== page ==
On February 16, the Institute of Contemporary Art/Boston (ICA) opens María Berrío: The Children’s Crusade—the first time this major new series of paintings have been shown together in a museum exhibition. Based in New York, María Berrío (born 1982 in Bogotá, Colombia) crafts her large-scale paintings through a unique and meticulous process of collaging torn pieces of Japanese paper on canvas. Using these thin layers of colorful paper like a palette of paint, she then applies watercolor to complete her riveting, magical scenes that speak to urgent real-world issues, including migration and the life experiences of women and children. Organized by Ruth Erickson, Mannion Family Senior Curator, María Berrío: The Children’s Crusade will be on view through August 6.
“Pressed by contemporary social and political realities, María locates her sources of inspiration in poetry, folklore, and the realms of magic to imagine alternative views of present-day truths, especially those faced by migrants, women, and children,” Erickson said. “Her large-scale works reflect on cross-cultural connections and global migration, and we’re honored the ICA is presenting her work in Boston for the first time.”
Energized by the contact point between reality and magic, Maria Berrío paintings frame her series as fictional stories, with each painting serving as a scene from an unfolding and otherworldly tale, accompanied by a descriptive text. She blends draftsmanship and drawing with meticulous collage and painting, creating a distinctive visual language for her narrative, figurative art.
This important series of new Maria Berrio paintings—many created especially for this exhibition—blend the history of the thirteenth-century Children’s Crusade with the current mass migrations of peoples across the Mediterranean and the U.S. border. While the actual events of the Children’s Crusade continue to be a subject of debate among historians, legends of miracles and tragedies have inspired an abundance of stories, songs, and artwork over centuries.
Speaking about the new series, the artist says: “The main focus and the main characters are children and their perceptions as seen through fantasy and magical realism. As the children embark on this arduous journey, they infuse the ordinary with the mythic, as their innocent and imagined interpretation of the world bumps against stark realities. The darker and more bleak aspects of these travels are depicted through the naivete, humanity, love, and wonder of a child’s eyes.”
Maria Berrío paintings draw inspiration from diverse sources to reflect on the contemporary realities facing migrants and unaccompanied minors today. For example: Ozymandias (2022) is based on the poem “Ozymandias” by Percy Bysshe Shelly and shows a child (the artist’s son) lying on his back with eyes closed, tracing an arc in the sand; Under Thatch and Autumn Star (2022) is inspired by the story of the Pied Piper of Hamelin and depicts three children in bed who are left behind, and the troubled sleep that would haunt them; and Calvary (2022) is of children riding a carousel, a poignant symbol of the often-endless journey children experience during migration. Other forthcoming works reimagine the child migrant through such figures as birds and human-animal hybrids and meditate on issues of flight, freedom, control, and protection.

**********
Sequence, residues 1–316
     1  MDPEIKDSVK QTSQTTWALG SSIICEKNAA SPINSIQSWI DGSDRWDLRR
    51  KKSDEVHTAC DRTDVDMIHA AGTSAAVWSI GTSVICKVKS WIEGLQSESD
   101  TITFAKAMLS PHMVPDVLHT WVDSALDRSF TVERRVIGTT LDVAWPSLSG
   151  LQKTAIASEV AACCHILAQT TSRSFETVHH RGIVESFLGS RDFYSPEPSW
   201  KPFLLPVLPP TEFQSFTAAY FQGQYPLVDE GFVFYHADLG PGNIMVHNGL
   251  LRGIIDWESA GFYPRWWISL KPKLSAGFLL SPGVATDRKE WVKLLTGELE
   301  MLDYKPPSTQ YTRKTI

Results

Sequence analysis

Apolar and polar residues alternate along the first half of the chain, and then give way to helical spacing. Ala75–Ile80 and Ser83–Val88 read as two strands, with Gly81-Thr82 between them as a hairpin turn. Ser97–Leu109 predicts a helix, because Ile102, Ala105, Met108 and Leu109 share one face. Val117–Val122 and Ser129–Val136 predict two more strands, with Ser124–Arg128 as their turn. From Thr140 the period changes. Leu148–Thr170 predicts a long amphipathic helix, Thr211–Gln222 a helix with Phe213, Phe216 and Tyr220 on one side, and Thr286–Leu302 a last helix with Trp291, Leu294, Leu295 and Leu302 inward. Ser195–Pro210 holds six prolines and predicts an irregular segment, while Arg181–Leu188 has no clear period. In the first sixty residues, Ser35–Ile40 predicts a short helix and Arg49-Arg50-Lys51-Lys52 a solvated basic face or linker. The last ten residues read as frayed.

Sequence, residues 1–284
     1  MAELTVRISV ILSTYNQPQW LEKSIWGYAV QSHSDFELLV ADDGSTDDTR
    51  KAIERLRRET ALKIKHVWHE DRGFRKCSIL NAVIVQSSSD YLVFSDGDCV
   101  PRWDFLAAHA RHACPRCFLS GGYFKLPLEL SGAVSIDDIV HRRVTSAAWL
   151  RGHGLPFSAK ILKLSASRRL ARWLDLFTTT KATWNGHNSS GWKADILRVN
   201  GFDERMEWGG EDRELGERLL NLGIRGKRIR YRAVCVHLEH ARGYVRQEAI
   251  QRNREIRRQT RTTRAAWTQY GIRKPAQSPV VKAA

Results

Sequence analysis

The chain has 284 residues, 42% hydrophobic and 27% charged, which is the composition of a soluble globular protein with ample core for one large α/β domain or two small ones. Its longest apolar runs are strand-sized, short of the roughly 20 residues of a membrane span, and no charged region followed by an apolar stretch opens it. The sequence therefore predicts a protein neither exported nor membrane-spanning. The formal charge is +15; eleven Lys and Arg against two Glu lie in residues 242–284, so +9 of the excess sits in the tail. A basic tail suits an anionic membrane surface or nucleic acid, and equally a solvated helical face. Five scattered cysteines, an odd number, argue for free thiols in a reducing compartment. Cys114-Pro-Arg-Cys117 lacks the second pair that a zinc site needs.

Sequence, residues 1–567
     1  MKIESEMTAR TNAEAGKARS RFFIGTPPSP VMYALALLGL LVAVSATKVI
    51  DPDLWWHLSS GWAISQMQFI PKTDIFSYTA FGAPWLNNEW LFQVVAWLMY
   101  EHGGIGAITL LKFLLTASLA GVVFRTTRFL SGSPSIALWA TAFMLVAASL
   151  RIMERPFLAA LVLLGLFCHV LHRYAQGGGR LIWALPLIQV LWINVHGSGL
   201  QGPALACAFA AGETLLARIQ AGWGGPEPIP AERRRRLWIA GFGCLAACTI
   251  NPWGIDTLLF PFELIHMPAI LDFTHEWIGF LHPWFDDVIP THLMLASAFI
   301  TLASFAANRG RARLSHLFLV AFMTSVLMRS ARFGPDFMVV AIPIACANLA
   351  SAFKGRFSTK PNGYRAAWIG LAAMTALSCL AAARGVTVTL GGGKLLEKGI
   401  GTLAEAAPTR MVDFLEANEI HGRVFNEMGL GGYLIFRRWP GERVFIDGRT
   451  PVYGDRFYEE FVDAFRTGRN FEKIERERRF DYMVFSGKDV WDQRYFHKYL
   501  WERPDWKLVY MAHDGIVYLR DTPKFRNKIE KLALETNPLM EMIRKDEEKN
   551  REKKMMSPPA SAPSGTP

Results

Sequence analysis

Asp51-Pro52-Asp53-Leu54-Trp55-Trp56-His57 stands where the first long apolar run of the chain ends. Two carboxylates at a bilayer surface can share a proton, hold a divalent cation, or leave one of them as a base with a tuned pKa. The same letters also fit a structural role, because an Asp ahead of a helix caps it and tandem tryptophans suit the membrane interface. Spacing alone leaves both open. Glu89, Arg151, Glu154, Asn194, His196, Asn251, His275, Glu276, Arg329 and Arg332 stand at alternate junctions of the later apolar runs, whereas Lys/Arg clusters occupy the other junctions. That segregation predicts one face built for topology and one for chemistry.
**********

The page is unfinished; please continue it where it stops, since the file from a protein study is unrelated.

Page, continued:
“As a storyteller, creating the character knowing this character doesn’t exist anywhere else but in the picture makes for a better story. I find it so much more interesting to create characters not knowing who they are entirely,” Berrío said. “Throughout my career, I’ve acknowledged the responsibility of making these works and the importance of a story. For me, the end result is when there is a moment of silence when you connect to the artwork and when you can feel something.”
Gallery Talk: María Berrío
Sunday, March 5, 2 pm
Free with museum admission
Join the artist and curator for a conversation about María Berrío: The Children’s Crusade.
About the Artist
María Berrío was born in Bogotá, Colombia in 1982, and she completed her BFA at Parsons School of Design and her MFA at the School of Visual Arts, both New York, NY. The artist’s first survey María Berrío: Esperando mientras la noche florece (Waiting for the Night to Bloom) was on view at The Norton Museum of Art in West Palm Beach from January until May 2021 and was accompanied by the artist’s first monograph.
Berrío’s work is part of numerous permanent collections, including Crystal Bridges Museum of American Art, Bentonville, AR; Dallas Museum of Art; Institute of Contemporary Art, Miami; Los Angeles County Museum of Art; Museum of Contemporary Art Chicago; Philadelphia Museum of Art; Whitney Museum of American Art, New York; and Yuz Museum, Shanghai, China, among others.
About the ICA
Since its founding in 1936, the ICA has shared the pleasures of reflection, inspiration, imagination, and provocation that contemporary art offers with its audiences. A museum at the intersection of contemporary art and civic life, the ICA has advanced a bold vision for amplifying the artist’s voice and expanding the museum’s role as educator, incubator, and convener. Its exhibitions, performances, and educational programs provide access to the breadth and diversity of contemporary art, artists, and the creative process, inviting audiences of all ages and backgrounds to participate in the excitement of new art and ideas.
The ICA is located at 25 Harbor Shore Drive, Boston, MA, 02210. The Watershed is located at 256 Marginal Street, East Boston, MA 02128. For more information, call 617-478-3100 or visit our website at icaboston.org. Follow the ICA on Facebook, Twitter, and Instagram.Female artist
What do you think?